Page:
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Heathrow climate change drone protest arrests rise to 18

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Activists planned to fly drones within the exclusion zone at Heathrow Airport

Police have arrested 18 people believed to be involved in a climate change protest at Heathrow Airport.

Heathrow Pause activists threatened to fly drones in the exclusion zone, but no flight disruption has been reported.

The 18 arrested people have all been held on suspicion of conspiracy to commit a public nuisance.

Heathrow Pause said one of the arrested – Roger Hallam, an Extinction Rebellion co-founder – was still planning to fly a drone on Saturday.

The group said Mr Hallam was released from custody at about 22:00 BST on Friday and that he would be flying the drone at midday “near Heathrow” with the location “to be announced nearer the time”.

The Metropolitan Police said that, out of those arrested, five remained in custody on Friday night. The others have been bailed.

Police say those arrested range in age from 19 to 69.

Heathrow Pause had previously said it intended to fly drones within the 5km exclusion zone around the airport on Friday morning, but the group claimed the airport was using “signal jamming to frustrate” their efforts.

Both the airport and police refused to comment on “security matters”.

The Met Police said a dispersal order at the airport would be effective until early on Sunday morning.

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Met Police

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A 5km dispersal zone order has been placed around Heathrow

Deputy Assistant Commissioner Laurence Taylor said: “We are really clear that [flying drones] is unlawful, it is a criminal offence, and anybody who turns up expecting to fly drones in that exclusion zone will be arrested.”

The force made seven pre-emptive arrests on Thursday, including that of Extinction Rebellion co-founder Roger Hallam.

Heathrow Airport said it was committed to addressing climate change, but this was best tackled through “constructive engagement and working together to address the issue”.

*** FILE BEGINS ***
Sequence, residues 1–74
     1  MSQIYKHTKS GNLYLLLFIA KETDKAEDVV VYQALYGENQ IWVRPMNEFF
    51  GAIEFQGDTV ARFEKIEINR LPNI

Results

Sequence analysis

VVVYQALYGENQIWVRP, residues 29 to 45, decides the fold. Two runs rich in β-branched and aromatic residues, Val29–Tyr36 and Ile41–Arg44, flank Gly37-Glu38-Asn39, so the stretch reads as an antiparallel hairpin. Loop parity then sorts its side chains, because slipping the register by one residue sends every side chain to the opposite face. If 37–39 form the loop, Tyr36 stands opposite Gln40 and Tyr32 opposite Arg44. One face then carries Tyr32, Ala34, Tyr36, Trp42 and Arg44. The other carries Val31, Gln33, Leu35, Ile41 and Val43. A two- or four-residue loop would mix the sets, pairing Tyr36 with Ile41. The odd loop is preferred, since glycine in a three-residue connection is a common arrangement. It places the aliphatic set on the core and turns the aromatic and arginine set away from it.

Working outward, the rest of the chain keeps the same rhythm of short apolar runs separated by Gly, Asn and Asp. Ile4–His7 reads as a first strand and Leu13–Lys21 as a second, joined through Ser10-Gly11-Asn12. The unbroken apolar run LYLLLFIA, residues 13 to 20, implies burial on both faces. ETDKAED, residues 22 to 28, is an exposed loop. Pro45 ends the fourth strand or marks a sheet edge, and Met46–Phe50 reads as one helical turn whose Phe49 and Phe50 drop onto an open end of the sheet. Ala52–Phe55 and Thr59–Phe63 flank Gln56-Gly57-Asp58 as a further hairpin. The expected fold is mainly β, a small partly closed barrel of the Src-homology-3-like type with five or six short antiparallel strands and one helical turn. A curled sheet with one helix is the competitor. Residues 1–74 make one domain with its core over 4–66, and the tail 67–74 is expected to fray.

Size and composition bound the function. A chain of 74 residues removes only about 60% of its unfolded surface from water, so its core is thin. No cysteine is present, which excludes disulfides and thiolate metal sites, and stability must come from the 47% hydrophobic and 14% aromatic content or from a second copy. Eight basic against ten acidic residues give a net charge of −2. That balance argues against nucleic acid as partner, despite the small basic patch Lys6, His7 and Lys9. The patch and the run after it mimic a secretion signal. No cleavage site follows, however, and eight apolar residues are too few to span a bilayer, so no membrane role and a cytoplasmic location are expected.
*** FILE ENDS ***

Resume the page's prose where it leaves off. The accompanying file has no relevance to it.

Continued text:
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Vivianne Miedema: Arsenal’s striker on Virgil van Dijk & Dutch success

Vivianne Miedema was top scorer in the Women’s Super League last season

Arsenal striker Vivianne Miedema is the Netherlands’ all-time leading goalscorer, has won three league titles in two countries and holds the record for most Women’s Super League goals in a season. She is also just 23.

Fresh from playing in this summer’s World Cup final, Miedema sat down with BBC Sport to discuss her Dutch roots, football chats with Liverpool centre-back Virgil van Dijk and her childhood fascination with Robin van Persie.

Family, Feyenoord and Van Persie

Growing up in Hoogeveen, a town in the north-east of the Netherlands, Miedema would join her father and younger brother Lars in making the 120-mile trip to Rotterdam to watch Feyenoord play.

And when asked about the influence of her family on her playing career, Miedema jokes she “never really had a choice” but to pursue football as a profession.

“My dad used to play football, my granddad used to play football and my little brother is playing now too,” she tells BBC Sport, referring to Lars’ contract with FC Den Bosch, the club where Ruud van Nistelrooy began his career.

“We just loved it and there was nothing else for me. I am four years older than my brother but I used to play football with him and it’s made me a better player and I think him too.”

Last year, Miedema posted a photo of her younger self with childhood hero Robin van Persie on Instagram

The Miedema family were all big Feyenoord fans and between 1996 and 2004 were able to watch as ex-Manchester United and Arsenal striker Van Persie developed on his way to becoming one of the best strikers in Europe.

Reflecting on that time, she says: “If you are a young girl now it might be a bit different because there are lots of female players to look up to but I used to be a fan of the Feyenoord players. I used to buy the little kits of Robin van Persie and watch every single game.

“They were the only games I was allowed to stay up late for during the week. We used to go to some of their games. Sometimes, as a birthday present, I would go to a fan day or an open training session.

“I met van Persie once – I can’t really remember it because I was so young. But [at Feyenoord] you got to meet some of the players and go on the pitch with them. It was amazing.”

Celebrating Dutch success with Virgil van Dijk

Virgil van Dijk and Miedema were the first players from the same country to win PFA Player of the Year awards in the same year

Like Van Persie, Miedema has become one of the most prolific strikers in the game.

She scored 22 goals and picked up 10 assists in 19 league appearances last season in helping Arsenal win their first WSL title in seven years, her performances leading to being named the PFA Player of the Year. Compatriot Van Dijk picked up the men’s prize.

“It was quite a big thing back home – two Dutch players winning it made it even bigger than it probably was for me and for him,” says Miedema.

“It was nice to get the awards after the year we both had but we are both quite down to earth and the day after the focus was on the football again.”

For Miedema, focussing on football meant the then-upcoming World Cup. Liverpool defender Van Dijk was supporting Miedema and her Dutch team-mates this summer, wishing them luck before their defeat in the final by champions the USA.

“I spoke with him [Van Dijk] at the PFA awards and he is a nice guy,” says Miedema. “Obviously we had some football chat – I went to the Liverpool v Barcelona Champions League semi-final as well.